Passages and Quotations: Interview with Ernest Hemingway

Again, many apologies, but I’m stalling on adding a proper post, since I haven’t found the time, for lots of reasons, to write much recently. Or, if you want to be critical I haven’t made the time.  Either way, for better or for worse, a long, wordy post is in the works, I promise!

For now, I’m going to try a new kind of post, which in the future will consist of very little to no explanation from me, and just contain a quotation or passage from something I’ve read recently that I liked and wanted to share. I like the idea of posting passages from my reading here because eventually I’ll be able to look back and have some sort of record of “where I’ve been”, so to speak. I recently looked over all my photos from my trip (that I’ve been on for over two months now!) and loathe as I was to whip out my camera and take them all at the time, I’m so happy to have them as visual reminders of the amazing places I’ve been.  So these posts, which I’ll categorize under “Passages and Quotations,” will be a record of what I’m reading and of what I’ve read, and of particular paragraphs and sentences that intrigue me or puzzle me or simply that I find beautiful. I’ve read whole books that were made worthwhile by the perfection of only a single sentence somewhere in the middle, and I’d like,  eventually, for some of those sentences to make their way here.

This particular passage is from an interview with Ernest Hemingway, published in The Paris Review in the spring of 1958 (Paris Review #18), which I read on the second floor (or the first, European-style) of the Shakespeare & Co. bookstore in, appropriately enough, Paris:

Interviewer: What would you consider the best intellectual training for the would-be writer?

Hemingway: Let’s say that he should go out and hang himself because he finds that writing well is impossibly difficult. Then he should be cut down without mercy and forced by his own self to write as well as he can for the rest of his life. At least he will have the story of the hanging to commence with.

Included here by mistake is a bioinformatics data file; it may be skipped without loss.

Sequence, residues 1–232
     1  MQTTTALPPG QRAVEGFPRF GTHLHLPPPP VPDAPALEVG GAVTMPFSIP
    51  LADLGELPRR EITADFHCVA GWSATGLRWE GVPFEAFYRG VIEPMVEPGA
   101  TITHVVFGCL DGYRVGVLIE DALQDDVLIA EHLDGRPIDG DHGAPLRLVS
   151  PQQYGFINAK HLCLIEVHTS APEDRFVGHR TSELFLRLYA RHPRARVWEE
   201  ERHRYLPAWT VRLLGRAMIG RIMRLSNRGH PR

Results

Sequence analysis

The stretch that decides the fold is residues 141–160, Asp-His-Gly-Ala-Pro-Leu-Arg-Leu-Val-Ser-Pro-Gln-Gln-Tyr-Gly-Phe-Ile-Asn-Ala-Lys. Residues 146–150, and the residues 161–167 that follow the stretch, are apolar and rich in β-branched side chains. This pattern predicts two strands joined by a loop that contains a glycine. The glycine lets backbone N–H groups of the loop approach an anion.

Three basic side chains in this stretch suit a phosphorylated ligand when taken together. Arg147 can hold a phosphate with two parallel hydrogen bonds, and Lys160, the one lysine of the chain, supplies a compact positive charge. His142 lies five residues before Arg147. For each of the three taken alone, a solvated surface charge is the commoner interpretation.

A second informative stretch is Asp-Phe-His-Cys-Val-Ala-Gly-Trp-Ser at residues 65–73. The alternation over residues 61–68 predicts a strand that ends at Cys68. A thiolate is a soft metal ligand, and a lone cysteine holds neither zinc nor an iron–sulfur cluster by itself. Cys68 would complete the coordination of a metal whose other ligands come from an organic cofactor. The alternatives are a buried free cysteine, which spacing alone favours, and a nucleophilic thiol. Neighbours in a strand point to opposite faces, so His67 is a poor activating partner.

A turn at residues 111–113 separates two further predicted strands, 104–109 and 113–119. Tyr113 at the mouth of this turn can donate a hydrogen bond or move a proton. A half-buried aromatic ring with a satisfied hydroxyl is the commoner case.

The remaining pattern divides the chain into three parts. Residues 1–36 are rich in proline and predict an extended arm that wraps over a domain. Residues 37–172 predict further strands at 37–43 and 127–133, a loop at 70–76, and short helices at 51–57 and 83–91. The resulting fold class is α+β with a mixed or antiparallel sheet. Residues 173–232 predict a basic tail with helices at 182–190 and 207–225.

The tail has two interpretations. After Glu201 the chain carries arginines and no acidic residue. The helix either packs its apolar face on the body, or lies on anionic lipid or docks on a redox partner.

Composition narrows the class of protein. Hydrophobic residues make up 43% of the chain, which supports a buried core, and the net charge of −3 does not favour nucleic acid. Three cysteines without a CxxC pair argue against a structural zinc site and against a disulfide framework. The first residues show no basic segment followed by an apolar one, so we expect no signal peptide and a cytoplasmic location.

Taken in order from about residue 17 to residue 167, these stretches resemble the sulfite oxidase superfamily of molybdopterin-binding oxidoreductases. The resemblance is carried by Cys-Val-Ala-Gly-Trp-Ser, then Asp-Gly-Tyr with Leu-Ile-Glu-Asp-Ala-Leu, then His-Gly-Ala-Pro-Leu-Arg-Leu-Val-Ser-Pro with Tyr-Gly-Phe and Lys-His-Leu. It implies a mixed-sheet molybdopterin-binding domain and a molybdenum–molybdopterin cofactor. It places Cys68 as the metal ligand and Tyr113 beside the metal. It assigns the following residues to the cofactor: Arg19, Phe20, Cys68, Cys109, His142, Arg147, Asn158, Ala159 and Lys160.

2 thoughts on “Passages and Quotations: Interview with Ernest Hemingway

  1. Isn’t it odd that he, of all people, should recommend hanging as a remedy for writer’s block? If his are great works (a presumption I’m not about to contend in the comments section), I’d think he’d recommend a leisurely stroll with a glass of your favorite alcoholic beverage on a Caribbean beach or eavesdropping on the neighboring table at an over-priced restaurant. I hardly think of his work as having the urgency he describes.

    It’s poignant advice, I just don’t think he follows it.

  2. I’m not sure Hemingway recommends hanging so much as a remedy for writer’s block but rather as a prescription for writing in general. And that’s what I like about this quotation, really, is the acknowledgment of how difficult it is to write, or perhaps how difficult it SHOULD be to write if one were to hold oneself to a high enough standard. It gives me more resolve in my struggles to find the right words, the perfect words, when the mediocre words often come to me so easily, and are so hard to resist.

    And as for whether Hemingway follows his own advice, I can’t say I’ve read enough of his work to make that call–I’m most familiar with his short fiction and “The Old Man and the Sea”–but I seem to like him better than you, and in what I’ve read (less the novels, more the shorter works) his writing certainly can carry a goodly weight of intensity.

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